Nov 1, 2021 - Politics & Policy

Biden urges world to "answer history's call" at COP26

President Biden, speaking at COP26 in Glasgow, Scotland, on Monday, warned that "every day we delay" strong action on climate change, "the cost of inaction increases."

Why it matters: The United States' climate credibility is on the line during this year's summit, which has been billed as a crucial moment for countries to pledge more dramatic actions in order to avoid potentially devastating climate change effects over the next several decades.

The backdrop: Biden arrived at the meeting without congressionally enacted climate legislation. Instead, he has a significant new goal: $555 billion in climate-related spending.

  • Congressional Democrats are working this week to hand Biden a bill that includes major climate funding, but it's far from guaranteed to pass due to deep divisions between progressives and moderates.
  • Tensions between the U.S. and China — the world's two largest greenhouse gas emitters — are exceptionally high. The tension has complicated climate talks in the past and could further hinder the global cooperation needed to prevent drastic climate change.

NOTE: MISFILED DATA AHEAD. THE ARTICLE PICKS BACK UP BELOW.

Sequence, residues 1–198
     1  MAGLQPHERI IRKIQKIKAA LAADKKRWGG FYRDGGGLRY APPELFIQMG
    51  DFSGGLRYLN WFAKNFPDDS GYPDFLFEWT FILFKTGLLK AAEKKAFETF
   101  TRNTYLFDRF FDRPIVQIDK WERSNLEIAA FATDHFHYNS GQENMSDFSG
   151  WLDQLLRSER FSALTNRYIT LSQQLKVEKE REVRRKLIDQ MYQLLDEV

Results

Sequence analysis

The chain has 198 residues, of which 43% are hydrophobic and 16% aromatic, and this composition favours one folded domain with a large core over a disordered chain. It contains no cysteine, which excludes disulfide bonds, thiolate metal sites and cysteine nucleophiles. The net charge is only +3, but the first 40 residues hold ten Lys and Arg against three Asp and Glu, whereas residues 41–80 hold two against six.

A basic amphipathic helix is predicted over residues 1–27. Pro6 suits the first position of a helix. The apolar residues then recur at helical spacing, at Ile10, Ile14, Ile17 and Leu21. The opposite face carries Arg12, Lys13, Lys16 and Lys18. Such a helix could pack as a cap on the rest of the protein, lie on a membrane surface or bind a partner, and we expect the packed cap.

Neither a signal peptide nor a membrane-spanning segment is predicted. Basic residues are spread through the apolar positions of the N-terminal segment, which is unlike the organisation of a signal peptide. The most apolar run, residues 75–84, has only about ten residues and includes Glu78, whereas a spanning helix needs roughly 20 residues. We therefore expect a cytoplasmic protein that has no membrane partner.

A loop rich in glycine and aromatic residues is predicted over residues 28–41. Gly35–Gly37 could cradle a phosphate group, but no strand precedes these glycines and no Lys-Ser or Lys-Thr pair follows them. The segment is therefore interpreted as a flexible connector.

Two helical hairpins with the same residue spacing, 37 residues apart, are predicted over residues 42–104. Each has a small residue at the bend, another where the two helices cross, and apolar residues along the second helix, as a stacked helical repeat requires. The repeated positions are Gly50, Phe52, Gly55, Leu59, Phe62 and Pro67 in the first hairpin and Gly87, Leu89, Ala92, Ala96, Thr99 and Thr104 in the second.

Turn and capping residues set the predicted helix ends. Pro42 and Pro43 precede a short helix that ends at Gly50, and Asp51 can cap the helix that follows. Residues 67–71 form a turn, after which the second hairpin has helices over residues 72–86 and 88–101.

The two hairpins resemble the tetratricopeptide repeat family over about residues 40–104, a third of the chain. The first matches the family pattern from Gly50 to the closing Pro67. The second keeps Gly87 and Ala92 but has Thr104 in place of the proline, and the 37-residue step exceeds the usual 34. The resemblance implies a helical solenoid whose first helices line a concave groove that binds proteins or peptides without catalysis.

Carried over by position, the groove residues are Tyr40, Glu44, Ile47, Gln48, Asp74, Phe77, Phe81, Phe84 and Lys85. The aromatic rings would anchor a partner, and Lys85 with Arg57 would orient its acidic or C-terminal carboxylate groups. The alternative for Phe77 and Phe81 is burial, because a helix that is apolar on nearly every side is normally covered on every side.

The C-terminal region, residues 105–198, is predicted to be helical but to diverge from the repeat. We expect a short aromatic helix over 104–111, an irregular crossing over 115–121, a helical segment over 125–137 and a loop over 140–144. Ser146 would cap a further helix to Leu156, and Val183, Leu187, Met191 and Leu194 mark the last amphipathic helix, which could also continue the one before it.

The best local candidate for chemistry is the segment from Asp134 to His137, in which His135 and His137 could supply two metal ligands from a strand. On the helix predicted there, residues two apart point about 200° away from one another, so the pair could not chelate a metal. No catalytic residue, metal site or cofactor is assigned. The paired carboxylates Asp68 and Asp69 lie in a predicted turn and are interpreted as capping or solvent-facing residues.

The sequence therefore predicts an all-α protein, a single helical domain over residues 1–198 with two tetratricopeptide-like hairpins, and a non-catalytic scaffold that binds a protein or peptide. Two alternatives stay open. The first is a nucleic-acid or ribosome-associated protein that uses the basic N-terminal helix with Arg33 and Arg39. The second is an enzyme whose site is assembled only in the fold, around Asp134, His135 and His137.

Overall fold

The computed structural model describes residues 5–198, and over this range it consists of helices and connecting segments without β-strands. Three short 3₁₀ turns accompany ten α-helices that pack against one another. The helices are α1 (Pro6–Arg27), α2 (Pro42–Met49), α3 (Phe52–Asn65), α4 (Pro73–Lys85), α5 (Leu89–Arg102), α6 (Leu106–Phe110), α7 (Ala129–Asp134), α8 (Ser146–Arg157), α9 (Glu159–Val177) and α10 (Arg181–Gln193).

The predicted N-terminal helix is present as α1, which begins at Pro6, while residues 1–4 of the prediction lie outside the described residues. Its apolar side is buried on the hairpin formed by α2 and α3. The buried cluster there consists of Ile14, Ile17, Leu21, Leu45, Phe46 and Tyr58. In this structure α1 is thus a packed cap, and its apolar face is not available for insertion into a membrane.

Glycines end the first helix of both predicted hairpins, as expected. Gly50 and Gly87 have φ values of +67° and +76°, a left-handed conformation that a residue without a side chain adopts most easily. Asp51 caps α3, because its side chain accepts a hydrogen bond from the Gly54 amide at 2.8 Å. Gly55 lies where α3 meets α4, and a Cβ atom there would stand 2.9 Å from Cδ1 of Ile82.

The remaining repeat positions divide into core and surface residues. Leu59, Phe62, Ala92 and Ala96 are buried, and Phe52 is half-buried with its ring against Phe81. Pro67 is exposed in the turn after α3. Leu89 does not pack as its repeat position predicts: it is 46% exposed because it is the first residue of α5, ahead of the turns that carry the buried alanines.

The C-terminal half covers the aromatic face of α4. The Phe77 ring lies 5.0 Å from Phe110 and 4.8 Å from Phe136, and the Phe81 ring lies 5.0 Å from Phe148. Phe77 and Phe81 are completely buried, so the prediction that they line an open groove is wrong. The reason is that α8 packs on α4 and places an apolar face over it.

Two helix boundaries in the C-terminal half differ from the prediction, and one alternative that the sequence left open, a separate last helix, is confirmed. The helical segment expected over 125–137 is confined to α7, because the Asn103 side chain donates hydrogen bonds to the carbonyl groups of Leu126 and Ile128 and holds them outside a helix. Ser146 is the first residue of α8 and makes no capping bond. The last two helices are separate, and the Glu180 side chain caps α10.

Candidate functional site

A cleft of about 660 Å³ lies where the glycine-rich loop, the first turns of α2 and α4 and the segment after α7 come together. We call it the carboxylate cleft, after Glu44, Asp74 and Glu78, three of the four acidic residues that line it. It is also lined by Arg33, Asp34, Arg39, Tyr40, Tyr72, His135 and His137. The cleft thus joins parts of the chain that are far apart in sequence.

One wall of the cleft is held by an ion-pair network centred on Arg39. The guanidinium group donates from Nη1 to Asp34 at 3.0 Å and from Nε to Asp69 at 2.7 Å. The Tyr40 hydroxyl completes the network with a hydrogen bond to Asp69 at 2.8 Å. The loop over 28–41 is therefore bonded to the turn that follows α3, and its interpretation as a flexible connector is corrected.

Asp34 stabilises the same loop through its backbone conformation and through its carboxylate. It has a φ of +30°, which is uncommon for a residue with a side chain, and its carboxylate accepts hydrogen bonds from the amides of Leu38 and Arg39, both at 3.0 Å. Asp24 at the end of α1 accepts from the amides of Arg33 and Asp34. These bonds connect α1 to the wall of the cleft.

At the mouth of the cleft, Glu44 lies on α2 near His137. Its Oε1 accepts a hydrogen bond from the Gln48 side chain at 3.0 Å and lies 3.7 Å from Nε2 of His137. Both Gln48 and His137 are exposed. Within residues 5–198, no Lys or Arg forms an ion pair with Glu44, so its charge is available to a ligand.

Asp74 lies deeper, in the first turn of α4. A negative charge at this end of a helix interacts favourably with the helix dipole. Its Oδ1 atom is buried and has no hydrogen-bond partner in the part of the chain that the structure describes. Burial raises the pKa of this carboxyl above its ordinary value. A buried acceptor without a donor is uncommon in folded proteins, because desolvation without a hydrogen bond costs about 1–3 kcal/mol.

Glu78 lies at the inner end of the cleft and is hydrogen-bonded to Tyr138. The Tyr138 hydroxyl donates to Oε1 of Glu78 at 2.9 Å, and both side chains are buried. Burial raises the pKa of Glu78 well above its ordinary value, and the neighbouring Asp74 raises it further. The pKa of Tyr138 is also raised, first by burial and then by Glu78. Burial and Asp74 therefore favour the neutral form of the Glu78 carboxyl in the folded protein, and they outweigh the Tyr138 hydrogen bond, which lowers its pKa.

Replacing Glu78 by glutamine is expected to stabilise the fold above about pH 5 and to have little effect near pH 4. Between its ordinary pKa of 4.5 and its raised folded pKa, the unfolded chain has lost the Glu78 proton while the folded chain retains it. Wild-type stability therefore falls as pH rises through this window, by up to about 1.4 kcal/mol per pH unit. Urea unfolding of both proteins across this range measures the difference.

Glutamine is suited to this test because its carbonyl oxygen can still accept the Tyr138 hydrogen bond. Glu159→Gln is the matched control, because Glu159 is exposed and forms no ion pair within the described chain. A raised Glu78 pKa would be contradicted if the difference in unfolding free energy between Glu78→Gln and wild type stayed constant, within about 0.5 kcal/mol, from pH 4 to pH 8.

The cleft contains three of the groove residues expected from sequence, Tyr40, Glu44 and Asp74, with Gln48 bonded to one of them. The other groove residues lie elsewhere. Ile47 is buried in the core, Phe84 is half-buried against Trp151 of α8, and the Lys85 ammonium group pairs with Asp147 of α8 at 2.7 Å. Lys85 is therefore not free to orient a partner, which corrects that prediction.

What he's saying: "We know that none of us can escape the worst that's yet to come if we fail to seize this moment," Biden told world leaders and diplomats at the conference.

  • "Within the growing catastrophe, I think there is a growing opportunity, not just for the United States, but for all of us. We're standing at an inflection point in world history," he added.
  • "Cleaner air for our children. More bountiful oceans. Healthier forests and ecosystems for our planet. We can create an environment that raises the standard of living around the world. And this is a moral imperative, but this is also an economic imperative."
"My friends, if we are to recognize that better, more hopeful future, every nation has to do its part with ambitious targets to keep 1.5 degrees [Celsius] in reach and specific plans for how to get there, especially the major economies. It's imperative we support the developing nations so they can be our partners in this effort."

The big picture: The U.S. under former President Trump pulled out of the Paris Agreement in November 2020. Biden returned the nation to the accord, but the U.S.' credibility had already been damaged.

  • After his speech, Biden apologized to his fellow world leaders for Trump's decision to withdraw and suggested that Americans had been slow to acknowledge the threat from climate change.
  • Biden criticized China and Russia on Sunday for failing to pledge new climate commitments alongside other members of the Group of 20, saying he "found it disappointing."
  • The Biden administration, through John Kerry, the president's climate envoy, spent months before the summit encouraging other countries to make new climate pledges.

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